A pest that infested Fraser Valley corn fields in 2017 has made an appearance in the North Okanagan.
The BC Dairy Association recently alerted members to the discovery of Western corn rootworm on farms in Armstrong, Enderby and Salmon Arm by a seed industry representative in August.
The province is following up to determine the extent of the pest and its impact.
“We have conducted limited surveys in collaboration with consultants in the North Okanagan since the detection in August,” says ministry entomologist Susanna Acheampong.
A ministry factsheet says Western corn rootworm (Diabrotica virgifera) is a major corn pest native to the Americas. It has been an issue in the US Midwest for over 50 years, costing growers more than $1 billion in corn yield loss and control measures annually.
The impact in Canada, where it is present in Ontario and Quebec, is unknown. The last major outbreak in BC occurred in 2017, following a detection in the Fraser Valley in August 2016.
“The pest has caused extensive localized damage on some farms in some areas but we do not yet have information on total affected acreage,” notes Acheampong.
The ministry will survey for the pest in 2024 in order to understand its impact in the North Okanagan. Growers who would like to participate can contact Acheampong at [firstname.lastname@example.org].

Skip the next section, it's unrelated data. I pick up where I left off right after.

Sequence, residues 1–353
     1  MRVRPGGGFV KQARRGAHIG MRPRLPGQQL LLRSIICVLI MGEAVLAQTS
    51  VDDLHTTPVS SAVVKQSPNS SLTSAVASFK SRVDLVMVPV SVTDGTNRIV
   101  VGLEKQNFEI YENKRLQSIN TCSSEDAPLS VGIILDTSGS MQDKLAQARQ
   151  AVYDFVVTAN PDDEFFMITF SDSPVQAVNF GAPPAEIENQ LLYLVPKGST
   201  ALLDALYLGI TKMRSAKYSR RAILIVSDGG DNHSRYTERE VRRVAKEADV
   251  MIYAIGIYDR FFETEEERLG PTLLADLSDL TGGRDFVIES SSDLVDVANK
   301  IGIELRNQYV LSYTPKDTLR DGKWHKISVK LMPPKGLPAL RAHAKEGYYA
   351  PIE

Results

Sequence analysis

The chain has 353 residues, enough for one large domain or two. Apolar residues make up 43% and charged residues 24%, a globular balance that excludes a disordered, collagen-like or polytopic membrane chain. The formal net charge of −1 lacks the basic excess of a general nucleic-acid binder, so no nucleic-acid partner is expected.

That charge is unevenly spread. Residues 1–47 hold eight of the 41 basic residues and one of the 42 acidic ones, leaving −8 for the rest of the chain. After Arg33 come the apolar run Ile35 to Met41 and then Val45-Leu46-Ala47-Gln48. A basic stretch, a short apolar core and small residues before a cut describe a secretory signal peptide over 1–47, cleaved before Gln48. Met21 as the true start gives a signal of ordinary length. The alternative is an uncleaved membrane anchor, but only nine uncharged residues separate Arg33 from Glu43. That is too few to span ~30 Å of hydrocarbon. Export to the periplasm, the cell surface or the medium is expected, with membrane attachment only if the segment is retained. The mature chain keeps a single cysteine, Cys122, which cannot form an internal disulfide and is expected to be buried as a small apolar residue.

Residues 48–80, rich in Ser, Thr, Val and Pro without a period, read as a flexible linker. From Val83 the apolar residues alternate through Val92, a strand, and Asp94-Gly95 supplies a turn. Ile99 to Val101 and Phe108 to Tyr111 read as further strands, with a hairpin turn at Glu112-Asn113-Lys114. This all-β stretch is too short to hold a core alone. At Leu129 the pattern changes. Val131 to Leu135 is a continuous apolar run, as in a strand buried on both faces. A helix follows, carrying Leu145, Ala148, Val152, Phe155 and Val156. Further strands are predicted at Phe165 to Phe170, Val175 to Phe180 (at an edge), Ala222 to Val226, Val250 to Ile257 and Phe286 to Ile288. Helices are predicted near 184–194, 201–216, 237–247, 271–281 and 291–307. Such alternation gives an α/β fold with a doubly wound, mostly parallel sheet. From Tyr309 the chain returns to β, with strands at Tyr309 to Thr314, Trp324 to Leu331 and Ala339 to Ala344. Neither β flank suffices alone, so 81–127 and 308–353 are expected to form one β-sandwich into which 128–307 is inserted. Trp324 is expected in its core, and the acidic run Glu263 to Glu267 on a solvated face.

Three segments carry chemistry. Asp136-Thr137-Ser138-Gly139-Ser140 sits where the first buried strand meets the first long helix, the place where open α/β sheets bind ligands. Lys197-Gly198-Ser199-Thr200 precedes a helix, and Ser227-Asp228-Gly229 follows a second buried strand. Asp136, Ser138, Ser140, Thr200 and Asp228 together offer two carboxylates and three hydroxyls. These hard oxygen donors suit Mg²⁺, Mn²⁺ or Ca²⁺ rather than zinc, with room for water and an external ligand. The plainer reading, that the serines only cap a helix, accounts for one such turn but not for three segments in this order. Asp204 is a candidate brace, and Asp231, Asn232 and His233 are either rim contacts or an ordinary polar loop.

Several producers contacted in the North Okanagan reported hearing about the pest but have not detected any issues with their own crops, which can look weak or drought-stricken when infested.
“I’ve not seen any sign of it,” says Henry Bremer, who cultivates about 200 acres of corn at Cliffview Dairy Ltd. in Enderby.
Rootworms lay their eggs in the soil where cold temperatures allow them to complete development and hatch in late May or June.
The larvae then feed on brace roots of corn and pupate in the soil around the corn plants. A week later, adult beetles emerge to feed.
Producers who discover larvae on plant roots should plan to take management steps in affected fields the following season.
Corn rootworm has no other significant host plants so crop rotation is effective at breaking the lifecycle of the pest.
When crop rotation is not possible, the application of insecticide at the time of planting and/or planting a corn hybrid with resistance to Western corn rootworm is recommended.